NYS Statutory Changes Mandate Written Notice of Pay Rate, Establish Discrimination Fines & Make Domestic Violence Victims a Protected Class

October 2009

An amendment to New York State law requires for the first time that all employers give employees written notice of their pay and overtime rates. The amendment to the state's labor law goes into effect October 26, 2009, covering all employees hired on or after that date.

Meanwhile, two other recent changes to New York law establish fines and penalties for discriminatory employment practices and add domestic violence victims to the list of protected classes.

Written Notice Of Pay

Starting October 26, all employers in New York will be required to give new hires written notice of their rate of pay, their overtime rate if applicable, and their regular payday. The written notice must be given at the time of hiring and requires that employers obtain new employees' written acknowledgement that they received written notice.

Before the state legislature amended New York Labor Law §195(1), no written notice was required.

Fines For Discrimination, Protection For Abuse Victims

The legislature also amended New York State Human Rights Law to provide for civil fines and penalties of up to $50,000 for unlawful discriminatory conduct, and up to $100,000 for willful, wanton or malicious discrimination, that occurred on or after July 6, 2009. These penalties are in addition to possible compensatory damages and other relief available under the law.

The legislature is also considering amendments that would allow for punitive damages and attorneys' fees, both currently unavailable. (Punitive damages are, however, available to individuals who bring successful claims under the New York City Human Rights Act and Title VII of the Civil Rights Act.)

The legislature also established, for the first time, that domestic violence victims are a protected class, prohibiting New York employers from discriminating against them in employment matters. The law defines domestic violence victims as anyone who is a victim of a family offense under New York's Family Court Act, including disorderly conduct, harassment, stalking, reckless endangerment or assault by family members, including spouses and former spouses.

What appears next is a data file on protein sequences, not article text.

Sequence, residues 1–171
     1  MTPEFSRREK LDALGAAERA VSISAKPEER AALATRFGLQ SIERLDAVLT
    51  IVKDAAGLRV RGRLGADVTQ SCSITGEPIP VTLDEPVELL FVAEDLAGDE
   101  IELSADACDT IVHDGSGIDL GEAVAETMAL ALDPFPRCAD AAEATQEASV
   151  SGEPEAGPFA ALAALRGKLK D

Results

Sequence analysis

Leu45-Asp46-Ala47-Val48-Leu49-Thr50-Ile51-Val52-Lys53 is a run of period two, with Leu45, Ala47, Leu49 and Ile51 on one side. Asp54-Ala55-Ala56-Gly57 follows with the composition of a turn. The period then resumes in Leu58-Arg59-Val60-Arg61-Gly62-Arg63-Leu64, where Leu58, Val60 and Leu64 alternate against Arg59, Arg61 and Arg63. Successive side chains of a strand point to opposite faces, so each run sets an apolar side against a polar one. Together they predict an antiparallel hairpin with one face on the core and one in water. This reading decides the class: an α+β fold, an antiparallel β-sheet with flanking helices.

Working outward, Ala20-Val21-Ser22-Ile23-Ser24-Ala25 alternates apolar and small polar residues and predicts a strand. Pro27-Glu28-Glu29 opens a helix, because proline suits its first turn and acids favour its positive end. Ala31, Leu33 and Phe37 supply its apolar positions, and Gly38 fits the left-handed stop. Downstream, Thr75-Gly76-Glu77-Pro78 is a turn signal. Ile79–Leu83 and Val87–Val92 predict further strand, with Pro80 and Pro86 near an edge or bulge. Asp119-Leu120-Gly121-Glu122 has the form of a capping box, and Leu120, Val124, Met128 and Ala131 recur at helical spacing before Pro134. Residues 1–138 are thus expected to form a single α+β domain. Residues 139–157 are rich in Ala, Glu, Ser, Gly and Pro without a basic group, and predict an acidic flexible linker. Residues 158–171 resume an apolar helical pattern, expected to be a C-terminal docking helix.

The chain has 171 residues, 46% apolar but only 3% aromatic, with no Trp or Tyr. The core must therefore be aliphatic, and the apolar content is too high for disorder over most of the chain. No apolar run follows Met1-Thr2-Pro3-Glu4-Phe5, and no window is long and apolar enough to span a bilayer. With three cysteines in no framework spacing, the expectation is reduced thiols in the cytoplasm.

What This Means To You

To ensure compliance with the new written notice requirements, employers should, by October 26:

  • Review and, if necessary, amend new-hire material.
  • Prepare a standard written form for individuals hired on or after October 26 that advises new hires of their pay rate, overtime rate, and pay date, and includes a section for a signed acknowledgement, to be maintained in the employer's records.
  • Consider adding these provisions and an acknowledgment form to offer letters and employment agreements.
  • Conduct an employee audit if you are unsure whether any of your employees are properly deemed exempt from receiving overtime pay. This is a prudent way to avoid penalties and costly lawsuits by employees seeking overtime.

Regarding the recent amendments to the New York State Human Rights Law, employers should:

  • Consider amending their employee handbooks, policies and procedures to include references to victims of domestic violence.
  • Train their managers and human resources staff to ensure that they are aware of the protections now afforded to victims of domestic violence and are prepared to address workplace issues involving such individuals.

For more information on this issue or other employment matters, please contact Carol Goodman at [email protected] or (212) 592-1465.

© 2009 Herrick, Feinstein LLP. Employment Alert was published by Herrick, Feinstein LLP for information purposes only. Nothing contained herein is intended to serve as legal advice or counsel or as an opinion of the firm.